“Dishoom” opened its doors to Londoners last July. Adorned with sepia toned portraiture and popular imagery from the 50s and 60s against the backdrop of powder blue walls, it is obvious that much thought and effort has gone into the decor and cultural referencing. The attention to detail in the interior was for me a highlight since eating out is equally about the experience as it is about the food itself.

I admit to this bias but given the plethora of Pakistani restaurants in London that serve food exactly how I would enjoy it back home, I rarely venture to Indian restaurants. However, Dishoom has changed that for me. During multiple visits I have enjoyed the simple, clean flavours and moderately spiced food. The stellar item on the menu is, undoubtedly, the chai. Sacrilegious as this may sound, I’m not at all a chai drinker but this has me hooked. It’s traditional milky tea with a lingering aftertaste of cardamom, cinnamon, cloves and a hint of ginger. The pau bhaji and dishoom calamari are excellent as starters as is the accompaniment of velvety roomali roti, which I had the last time at the iconic Karim’s in Delhi (that was a meal not to be forgotten).

Pau Bhaji

I always order the grilled items, which are amongst the best I have had in London. In particular, the spicy lamb chops and dishoom chicken tikka are perfectly seasoned and flavoured. The lamb biryani is also worth mentioning. They also serve a chicken berry biryani, which I have not tried as yet but it’s a signature Parsi dish. The rose and cardamom lassi is delicious and refreshing. The samosas and fish fingers were standard and not particular stand-outs. The chilli omelette and the breakfast bake are worth getting up early on a Saturday morning for.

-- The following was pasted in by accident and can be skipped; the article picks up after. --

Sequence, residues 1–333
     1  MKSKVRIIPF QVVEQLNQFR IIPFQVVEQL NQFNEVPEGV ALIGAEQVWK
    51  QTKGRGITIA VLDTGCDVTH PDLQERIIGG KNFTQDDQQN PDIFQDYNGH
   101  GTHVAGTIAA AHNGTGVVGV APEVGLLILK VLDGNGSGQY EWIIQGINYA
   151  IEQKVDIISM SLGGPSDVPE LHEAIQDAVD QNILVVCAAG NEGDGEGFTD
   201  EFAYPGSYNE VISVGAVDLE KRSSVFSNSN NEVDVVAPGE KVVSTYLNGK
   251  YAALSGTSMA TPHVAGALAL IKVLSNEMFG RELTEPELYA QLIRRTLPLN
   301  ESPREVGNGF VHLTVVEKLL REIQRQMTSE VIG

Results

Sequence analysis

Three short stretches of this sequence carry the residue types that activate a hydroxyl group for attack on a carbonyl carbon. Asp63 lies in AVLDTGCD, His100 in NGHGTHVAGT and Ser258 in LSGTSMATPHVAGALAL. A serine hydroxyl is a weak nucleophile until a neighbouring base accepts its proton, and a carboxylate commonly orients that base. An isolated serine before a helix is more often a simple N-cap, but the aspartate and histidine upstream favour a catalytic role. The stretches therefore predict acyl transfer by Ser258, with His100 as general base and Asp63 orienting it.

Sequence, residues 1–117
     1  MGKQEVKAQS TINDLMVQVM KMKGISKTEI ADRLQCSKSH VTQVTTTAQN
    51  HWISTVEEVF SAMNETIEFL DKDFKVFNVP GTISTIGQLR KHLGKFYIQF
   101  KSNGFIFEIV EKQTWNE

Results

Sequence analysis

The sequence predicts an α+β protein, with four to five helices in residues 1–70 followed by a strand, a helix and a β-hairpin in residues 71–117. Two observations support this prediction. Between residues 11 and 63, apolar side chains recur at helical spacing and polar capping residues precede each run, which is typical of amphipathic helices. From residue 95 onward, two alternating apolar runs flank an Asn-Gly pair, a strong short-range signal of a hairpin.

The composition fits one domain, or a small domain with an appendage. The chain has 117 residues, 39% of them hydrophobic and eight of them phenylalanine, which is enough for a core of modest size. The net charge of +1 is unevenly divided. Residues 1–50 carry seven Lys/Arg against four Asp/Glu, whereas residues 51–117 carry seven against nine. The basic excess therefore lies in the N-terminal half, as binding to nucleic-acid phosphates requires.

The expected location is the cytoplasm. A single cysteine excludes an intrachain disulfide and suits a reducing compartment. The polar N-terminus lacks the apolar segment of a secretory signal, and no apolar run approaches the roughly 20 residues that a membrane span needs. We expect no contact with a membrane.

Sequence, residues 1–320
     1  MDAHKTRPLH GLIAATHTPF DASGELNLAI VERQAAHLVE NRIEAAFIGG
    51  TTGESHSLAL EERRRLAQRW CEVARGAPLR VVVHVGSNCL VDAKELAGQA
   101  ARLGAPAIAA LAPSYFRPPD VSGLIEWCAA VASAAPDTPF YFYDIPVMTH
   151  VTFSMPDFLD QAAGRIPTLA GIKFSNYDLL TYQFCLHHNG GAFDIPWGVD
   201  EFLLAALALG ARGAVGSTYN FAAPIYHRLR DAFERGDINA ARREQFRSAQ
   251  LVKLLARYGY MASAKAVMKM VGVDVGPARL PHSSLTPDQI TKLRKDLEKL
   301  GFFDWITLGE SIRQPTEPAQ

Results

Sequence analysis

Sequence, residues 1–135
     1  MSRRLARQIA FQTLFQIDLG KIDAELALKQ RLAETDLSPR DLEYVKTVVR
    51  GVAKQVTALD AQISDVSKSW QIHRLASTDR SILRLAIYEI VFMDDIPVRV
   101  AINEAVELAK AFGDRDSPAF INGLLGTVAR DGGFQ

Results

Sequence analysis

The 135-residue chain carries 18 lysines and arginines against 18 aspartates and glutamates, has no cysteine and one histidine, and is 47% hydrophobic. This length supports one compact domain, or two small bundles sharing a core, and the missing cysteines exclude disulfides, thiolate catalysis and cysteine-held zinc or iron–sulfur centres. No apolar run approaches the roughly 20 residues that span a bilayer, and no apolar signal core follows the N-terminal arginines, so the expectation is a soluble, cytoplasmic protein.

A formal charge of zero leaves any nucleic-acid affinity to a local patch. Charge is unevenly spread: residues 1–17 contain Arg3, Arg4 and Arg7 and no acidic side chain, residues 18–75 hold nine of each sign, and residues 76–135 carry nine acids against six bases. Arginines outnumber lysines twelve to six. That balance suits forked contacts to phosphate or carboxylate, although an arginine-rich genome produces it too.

While, I would not term this as a meal on a budget, the items are fairly priced. They have a no reservation policy so expect a long wait for tables during peak meal times on weekends.

Recently, Dishoom has started hosting events such as book readings and musical performances, which one can follow on their social media outlets (Twitter and Facebook).

Oh, and they also serve Thums Up 🙂


12 Upper St Martins Lane
WC2H 9FB, London
020 7420 9320


Naomi Lobo (May 20 2007). “Irani cafés: Inheritance of loss”. India Express.